- Our journey on this earth will end (death) and when it does we will carry nothing away. Our wealth (money and possession) will all remain on this earth. Therefore, we are to take heed and beware of covetousness because our life on this earth doesn’t consist in the abundance of the things which we possess. We are not to be rich towards ourselves but to be rich towards God—this isn’t a prohibition against wealth but a prohibition against building personal wealth for a life of complacency instead of one that is used in the service of God. We see all money and possessions as tools we can use to serve God but also know that it can be dangerous if we place too much value on them or accumulate too much.
Psalm 49:16-17; Luke 12:15-21; 2 Peter 3:11
- Our journey on this earth means that we are continually seeking the kingdom of God and trusting in God to provide our needs. We work hard to build wealth that we use to provide for our families and give to the needy. Therefore, our mindset should not be that of “spenders”—those who spend their wealth for instant satisfaction, nor “savers”—those who save their wealth for future security, but we should have the mindset of “givers”—those who give their wealth towards the service of God and others as they live in the anticipation of Jesus’ return.
Luke 12:22-40; 1 Timothy 6:17-19
Earthly And Heavenly
- We live on earth but we live for heaven. As believers, we are to seek those things which are above—where Christ sitteth on the right hand of God. We are to direct our attention and thoughts on things above (Jesus, heaven, rewards), not on things on the earth. Our lives are “hid with Christ in God”—meaning our security and identity are found in Him and nothing else. Jesus is our life and one day we will appear with Him in glory—a place beyond all comparison. This is our hope for the journey as we live this life of trials.
Colossians 3:1-4; 1 Peter 1:4; Romans 8:18; 2 Corinthians 4:17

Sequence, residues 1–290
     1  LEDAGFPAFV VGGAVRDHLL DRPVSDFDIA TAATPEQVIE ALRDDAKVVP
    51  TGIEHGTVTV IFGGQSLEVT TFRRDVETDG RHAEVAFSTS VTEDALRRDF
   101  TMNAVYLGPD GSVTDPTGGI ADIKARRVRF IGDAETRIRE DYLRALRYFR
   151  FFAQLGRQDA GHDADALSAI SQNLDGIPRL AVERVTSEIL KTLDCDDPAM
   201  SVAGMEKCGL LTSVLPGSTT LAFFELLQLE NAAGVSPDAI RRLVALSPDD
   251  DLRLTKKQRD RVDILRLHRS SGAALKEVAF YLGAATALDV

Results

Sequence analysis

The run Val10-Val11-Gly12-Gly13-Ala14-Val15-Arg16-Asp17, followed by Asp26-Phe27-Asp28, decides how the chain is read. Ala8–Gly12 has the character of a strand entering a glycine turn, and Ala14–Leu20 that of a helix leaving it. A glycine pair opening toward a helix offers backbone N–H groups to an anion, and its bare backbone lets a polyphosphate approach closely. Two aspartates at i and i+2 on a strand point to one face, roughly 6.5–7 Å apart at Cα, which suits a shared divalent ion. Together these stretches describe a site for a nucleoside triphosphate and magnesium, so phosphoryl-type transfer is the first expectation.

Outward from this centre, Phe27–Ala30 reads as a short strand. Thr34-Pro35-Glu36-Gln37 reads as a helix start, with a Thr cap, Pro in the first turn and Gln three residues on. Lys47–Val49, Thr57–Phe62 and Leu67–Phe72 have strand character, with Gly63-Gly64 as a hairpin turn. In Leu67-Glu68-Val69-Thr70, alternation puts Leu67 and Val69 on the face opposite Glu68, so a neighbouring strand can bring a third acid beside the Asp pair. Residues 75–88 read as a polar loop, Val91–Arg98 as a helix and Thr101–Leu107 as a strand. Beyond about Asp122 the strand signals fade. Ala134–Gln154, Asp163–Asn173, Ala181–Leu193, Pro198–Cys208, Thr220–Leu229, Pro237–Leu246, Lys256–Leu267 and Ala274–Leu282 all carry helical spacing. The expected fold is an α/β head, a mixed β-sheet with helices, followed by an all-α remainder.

- We gain treasure on earth but invest it in heaven. As believers, we are not to lay up for ourselves treasures upon earth because they have no lasting value (moth and rust doth corrupt; thieves break in and steal). Instead, we are to lay up for ourselves treasures in heaven because they have lasting value (neither moth nor rust doth corrupt; thieves do not break in nor steal). Therefore, true wealth is found not in our treasure (money and possessions) here on earth but in treasure in heaven (rewards from God). God has an unlimited number of treasure to give to those who invest in heaven through using their wealth (money and possessions) to serve God and others.
Matthew 6:19-20; Luke 12:33; Mark 10:21
- Grace should results in generosity—which demonstrates our willingness to serve God and not money. Before salvation, wealth (money and possessions) had the wrong place in our lives, but after salvation we dethrone it by obeying God with a life of generosity.
Luke 3:11-14; 19:8-9; Acts 2:45; 4:32-35
- God is a rewarder. Our goal is to please God through obeying Him out of love and fear, but also for reward. It pleases God to reward His children with the heavenly treasure He is preparing for them. Thus, if it is good for God to give them rewards, then it is also good for His children to seek them. Jesus is our greatest reward, but we can also enjoy all that God has in store for us and seek after it as He has commanded.
Deuteronomy 7:9; Hebrews 11:6; 12:28; 2 Corinthians 5:9